Feature Richard Craill May 11, 2024 (Comments off) (251)

28 years later: Revisiting the Wellington Street Circuit

FOR a vast majority of the population, the fading yellow markers that sporadically appear across Wellington’s Commonwealth walkway, a public walkway / running track that borders the waterfront and the battlements alongside the elevated Frank Kitts Park, would mean absolutely nothing.

There are perhaps six or eight that you can spot, but only if you look. Some elements of yellow are reasonably strong, but in many places they are just blobs of colour on a windswept bitumen, neither connected to anything else nor obvious in their meaning or purpose.

They could be survey lines painted by the council, showing where underground services are located.

Or, they could be faded remnants of some form of street art, or tourism promotion.

Ironically, the latter is not far from the truth.

Indeed, these yellow lines, barely discernable in their faded and patchy state, carry plenty of significance for Wellington’s tourism push in the 1980s and 1990s.

They also double as the only visible reminder of the New Zealand’s capital’s rich motorsport history.

These yellow markers to history are now the only visible reminder of the Wellington Street Circuit – the delineators for grid markings from the circuit’s start line of its initial iteration in the mid 1980s.

Otherwise, there are no monuments. No statutes. No plaques. No other reminder of a racetrack that helped put the city at the very bottom of Aotearoa’s South Island on the global motorsport map for little more than a decade.

There’s no sign of the Brock’s, Johnson’s, Murphy’s and other international stars that put on an annual show for 30,000 passionate New Zealand racing fans.

And, given the wind and spray blowing across the walkway on this Thursday morning, they won’t be there for long.

Much like the race track they heralded, it seems time will soon claim the last reminder of motorsport on the capital’s harbour.


STREET RACE

THERE are plenty of sources to gather information on the Wellington Street Races, but we’ll give you the cliffs notes version here.

In the meantime, we’d suggest dropping over to our friends at the V8 Sleuth Superstore and ordering New Zealand author Richard McGee’s excellent and extremely definitive history of the Wellington Street Races across the eras – as well as being an excellent source of history it’s just a damn good read. It’s also on sale right now, which is fortunate timing.

First pitched in 1984 and first staged as the Nissan 500 in 1985, the Wellington Street Circuit was founded as a marquee event for Touring Cars in New Zealand, and instantly attracted international attention.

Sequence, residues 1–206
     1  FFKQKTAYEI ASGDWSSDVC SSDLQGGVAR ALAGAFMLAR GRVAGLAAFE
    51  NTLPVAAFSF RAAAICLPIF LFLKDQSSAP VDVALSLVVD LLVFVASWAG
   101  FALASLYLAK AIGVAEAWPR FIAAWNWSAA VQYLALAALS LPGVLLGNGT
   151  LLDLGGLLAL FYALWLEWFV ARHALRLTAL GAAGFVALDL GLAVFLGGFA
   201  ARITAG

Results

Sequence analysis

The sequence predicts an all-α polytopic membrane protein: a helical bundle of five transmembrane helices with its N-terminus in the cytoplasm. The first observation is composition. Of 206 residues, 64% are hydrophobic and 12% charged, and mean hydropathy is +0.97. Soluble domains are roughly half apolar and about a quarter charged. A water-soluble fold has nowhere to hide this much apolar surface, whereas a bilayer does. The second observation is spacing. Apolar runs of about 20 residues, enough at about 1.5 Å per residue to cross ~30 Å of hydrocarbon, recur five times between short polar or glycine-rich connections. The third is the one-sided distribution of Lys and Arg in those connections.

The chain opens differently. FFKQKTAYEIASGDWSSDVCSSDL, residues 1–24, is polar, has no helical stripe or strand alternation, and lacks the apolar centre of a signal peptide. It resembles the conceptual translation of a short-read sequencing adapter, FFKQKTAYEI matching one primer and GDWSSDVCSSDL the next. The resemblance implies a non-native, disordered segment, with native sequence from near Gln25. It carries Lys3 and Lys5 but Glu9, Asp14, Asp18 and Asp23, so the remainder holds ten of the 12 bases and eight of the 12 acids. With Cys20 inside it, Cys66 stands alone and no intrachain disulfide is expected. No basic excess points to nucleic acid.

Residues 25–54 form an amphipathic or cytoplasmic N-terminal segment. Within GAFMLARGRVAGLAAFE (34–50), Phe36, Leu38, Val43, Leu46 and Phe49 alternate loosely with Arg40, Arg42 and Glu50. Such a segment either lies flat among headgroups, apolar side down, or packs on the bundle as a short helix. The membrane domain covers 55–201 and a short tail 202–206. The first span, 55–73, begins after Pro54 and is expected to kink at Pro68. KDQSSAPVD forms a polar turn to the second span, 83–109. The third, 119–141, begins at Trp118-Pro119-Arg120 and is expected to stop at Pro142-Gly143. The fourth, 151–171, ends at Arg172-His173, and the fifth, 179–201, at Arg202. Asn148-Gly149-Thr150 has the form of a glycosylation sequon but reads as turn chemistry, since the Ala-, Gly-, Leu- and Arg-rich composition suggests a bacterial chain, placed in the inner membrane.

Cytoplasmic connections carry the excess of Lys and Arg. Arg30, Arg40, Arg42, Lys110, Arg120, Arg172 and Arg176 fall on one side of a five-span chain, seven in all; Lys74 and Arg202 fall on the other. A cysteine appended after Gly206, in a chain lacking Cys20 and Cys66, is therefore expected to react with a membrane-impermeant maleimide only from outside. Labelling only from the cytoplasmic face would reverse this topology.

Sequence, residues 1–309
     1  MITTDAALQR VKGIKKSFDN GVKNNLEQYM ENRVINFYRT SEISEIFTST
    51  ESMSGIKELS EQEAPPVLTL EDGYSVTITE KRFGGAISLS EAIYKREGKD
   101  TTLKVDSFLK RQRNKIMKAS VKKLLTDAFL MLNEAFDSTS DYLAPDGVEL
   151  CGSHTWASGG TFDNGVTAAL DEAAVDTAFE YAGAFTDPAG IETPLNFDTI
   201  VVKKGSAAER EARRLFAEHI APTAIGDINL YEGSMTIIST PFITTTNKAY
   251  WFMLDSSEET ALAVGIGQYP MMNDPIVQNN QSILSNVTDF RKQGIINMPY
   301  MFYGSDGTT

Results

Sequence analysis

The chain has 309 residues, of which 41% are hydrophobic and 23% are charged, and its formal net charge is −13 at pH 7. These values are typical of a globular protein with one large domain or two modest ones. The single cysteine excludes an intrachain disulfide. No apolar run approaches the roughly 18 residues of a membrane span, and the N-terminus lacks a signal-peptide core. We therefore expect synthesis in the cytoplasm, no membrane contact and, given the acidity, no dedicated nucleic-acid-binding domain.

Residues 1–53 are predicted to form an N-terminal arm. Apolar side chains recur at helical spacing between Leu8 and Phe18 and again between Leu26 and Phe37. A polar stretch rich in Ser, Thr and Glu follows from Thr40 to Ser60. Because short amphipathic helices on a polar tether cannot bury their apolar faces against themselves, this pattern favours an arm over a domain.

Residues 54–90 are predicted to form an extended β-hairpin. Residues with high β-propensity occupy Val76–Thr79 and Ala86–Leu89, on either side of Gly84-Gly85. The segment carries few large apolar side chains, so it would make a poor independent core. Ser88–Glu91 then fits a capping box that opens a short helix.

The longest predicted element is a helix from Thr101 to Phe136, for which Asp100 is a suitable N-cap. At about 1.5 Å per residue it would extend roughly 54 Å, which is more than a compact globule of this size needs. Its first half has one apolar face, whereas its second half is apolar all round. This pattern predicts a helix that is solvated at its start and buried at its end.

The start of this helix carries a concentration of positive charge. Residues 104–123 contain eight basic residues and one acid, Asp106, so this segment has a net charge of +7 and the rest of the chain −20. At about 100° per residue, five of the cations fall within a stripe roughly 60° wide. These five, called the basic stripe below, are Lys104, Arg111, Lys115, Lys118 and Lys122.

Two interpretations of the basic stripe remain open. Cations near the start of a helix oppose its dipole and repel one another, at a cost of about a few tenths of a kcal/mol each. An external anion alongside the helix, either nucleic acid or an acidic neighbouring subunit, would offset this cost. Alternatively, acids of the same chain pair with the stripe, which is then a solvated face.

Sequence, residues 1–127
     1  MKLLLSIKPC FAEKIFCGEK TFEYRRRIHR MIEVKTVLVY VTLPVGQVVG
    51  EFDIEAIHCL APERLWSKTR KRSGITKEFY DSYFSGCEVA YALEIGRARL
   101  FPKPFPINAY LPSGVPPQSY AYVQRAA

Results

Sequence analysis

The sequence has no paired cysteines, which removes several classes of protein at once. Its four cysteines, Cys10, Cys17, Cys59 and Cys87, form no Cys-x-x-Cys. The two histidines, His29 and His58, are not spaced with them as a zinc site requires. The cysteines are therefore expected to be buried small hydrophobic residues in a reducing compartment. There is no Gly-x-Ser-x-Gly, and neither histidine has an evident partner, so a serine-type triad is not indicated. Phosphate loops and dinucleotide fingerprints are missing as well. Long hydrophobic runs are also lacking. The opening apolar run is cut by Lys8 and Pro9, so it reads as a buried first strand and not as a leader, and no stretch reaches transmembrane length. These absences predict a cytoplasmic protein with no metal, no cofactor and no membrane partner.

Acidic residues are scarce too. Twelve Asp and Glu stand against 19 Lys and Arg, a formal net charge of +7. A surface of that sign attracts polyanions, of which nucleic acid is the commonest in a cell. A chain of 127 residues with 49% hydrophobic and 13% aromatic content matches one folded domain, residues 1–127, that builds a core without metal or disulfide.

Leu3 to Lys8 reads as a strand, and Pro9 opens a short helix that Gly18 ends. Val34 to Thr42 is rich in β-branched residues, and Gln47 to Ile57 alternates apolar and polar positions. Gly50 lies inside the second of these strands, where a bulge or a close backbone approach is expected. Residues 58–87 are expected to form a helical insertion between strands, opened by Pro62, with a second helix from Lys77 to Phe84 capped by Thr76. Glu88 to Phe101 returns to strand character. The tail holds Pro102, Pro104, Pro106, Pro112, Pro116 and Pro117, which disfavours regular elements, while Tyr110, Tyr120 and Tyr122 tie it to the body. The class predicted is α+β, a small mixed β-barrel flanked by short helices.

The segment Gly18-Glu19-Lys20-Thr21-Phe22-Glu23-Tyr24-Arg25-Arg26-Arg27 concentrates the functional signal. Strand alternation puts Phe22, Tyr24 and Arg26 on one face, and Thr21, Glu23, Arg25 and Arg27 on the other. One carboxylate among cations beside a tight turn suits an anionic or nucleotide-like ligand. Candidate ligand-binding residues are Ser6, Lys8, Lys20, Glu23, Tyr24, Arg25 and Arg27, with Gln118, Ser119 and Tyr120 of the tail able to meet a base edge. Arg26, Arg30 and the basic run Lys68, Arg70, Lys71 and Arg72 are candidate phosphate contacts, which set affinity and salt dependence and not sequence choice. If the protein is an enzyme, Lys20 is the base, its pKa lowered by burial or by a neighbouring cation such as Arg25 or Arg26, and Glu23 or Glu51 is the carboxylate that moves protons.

In 1987 the now Nissan Mobil 500 became a round of the ill-fated and short-lived FIA World Touring Car Championship – following the Toohey’s 1000 and Calder Park rounds in Australia; The Eggenberger Sierra’s that had won and then lost Bathurst, claimed the only World Championship Wellington event that year.

Even with the WTCC’s demise the race retained international interest, with overseas teams and Aussie outfits heading across the ditch at the conclusion of the Aussie season.

The tight nature of the circuit meant it became a stronghold for BMW’s M3 Group A contenders with the Schnitzer team in particular finding huge success there. Remarkably, it’s one of the few events that a Gibson Motorsport Nissan GTR was entered in but didn’t win.

Group A’s slow demise saw the introduction of Super Touring in 1993, the last year of a 500km endurance race on Wellington’s streets and the first year of a revised layout, required due to the ever-changing developments on the Wellington waterfront. It switched to sprint racing in 1994, wasn’t held in 1995 after local politics and a lack of funding took over, and then returned for a final hurrah in 1996 when the Aussie V8’s headed over for a two-event Tasman Series, the Wellington event following a packed round at Pukekohe the weekend before.

And then, just like that, it was all over. A mixture of funding, local politics and the fast-paced development on the previously underutilized waterfront causing it to be placed in the too hard basket.

Several resurrection proposals were floated – Supercars seriously pitched it prior to getting the Hamilton Street Race off the ground – but ultimately none of them got off the ground and 1996 would turn out to be the Wellington swansong.


28 YEARS LATER

THE irony of Wellington’s demise as a street circuit destination is that these days it would almost be considered a perfect market for a Street event.

Big enough to support the logistics, hotels, restaurants and entertainment requirements of a large event but small enough that the event would be much more than just a sideshow to the city.

It’s also clear that there is little appetite in the capital for such an event, with the changing political tides and vagaries seeing it low on the priority list, if even on it at all.